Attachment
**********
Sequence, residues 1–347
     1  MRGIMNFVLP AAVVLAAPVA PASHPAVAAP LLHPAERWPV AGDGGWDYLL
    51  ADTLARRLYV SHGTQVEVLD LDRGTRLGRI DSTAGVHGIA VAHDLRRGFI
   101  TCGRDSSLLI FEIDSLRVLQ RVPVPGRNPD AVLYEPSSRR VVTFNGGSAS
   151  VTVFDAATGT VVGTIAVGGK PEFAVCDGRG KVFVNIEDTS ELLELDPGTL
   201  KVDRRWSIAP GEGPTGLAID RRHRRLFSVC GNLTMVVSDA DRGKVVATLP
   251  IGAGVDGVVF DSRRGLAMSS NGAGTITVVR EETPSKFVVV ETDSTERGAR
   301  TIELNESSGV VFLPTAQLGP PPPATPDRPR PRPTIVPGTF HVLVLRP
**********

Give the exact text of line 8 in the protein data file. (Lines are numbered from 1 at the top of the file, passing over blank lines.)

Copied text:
   301  TIELNESSGV VFLPTAQLGP PPPATPDRPR PRPTIVPGTF HVLVLRP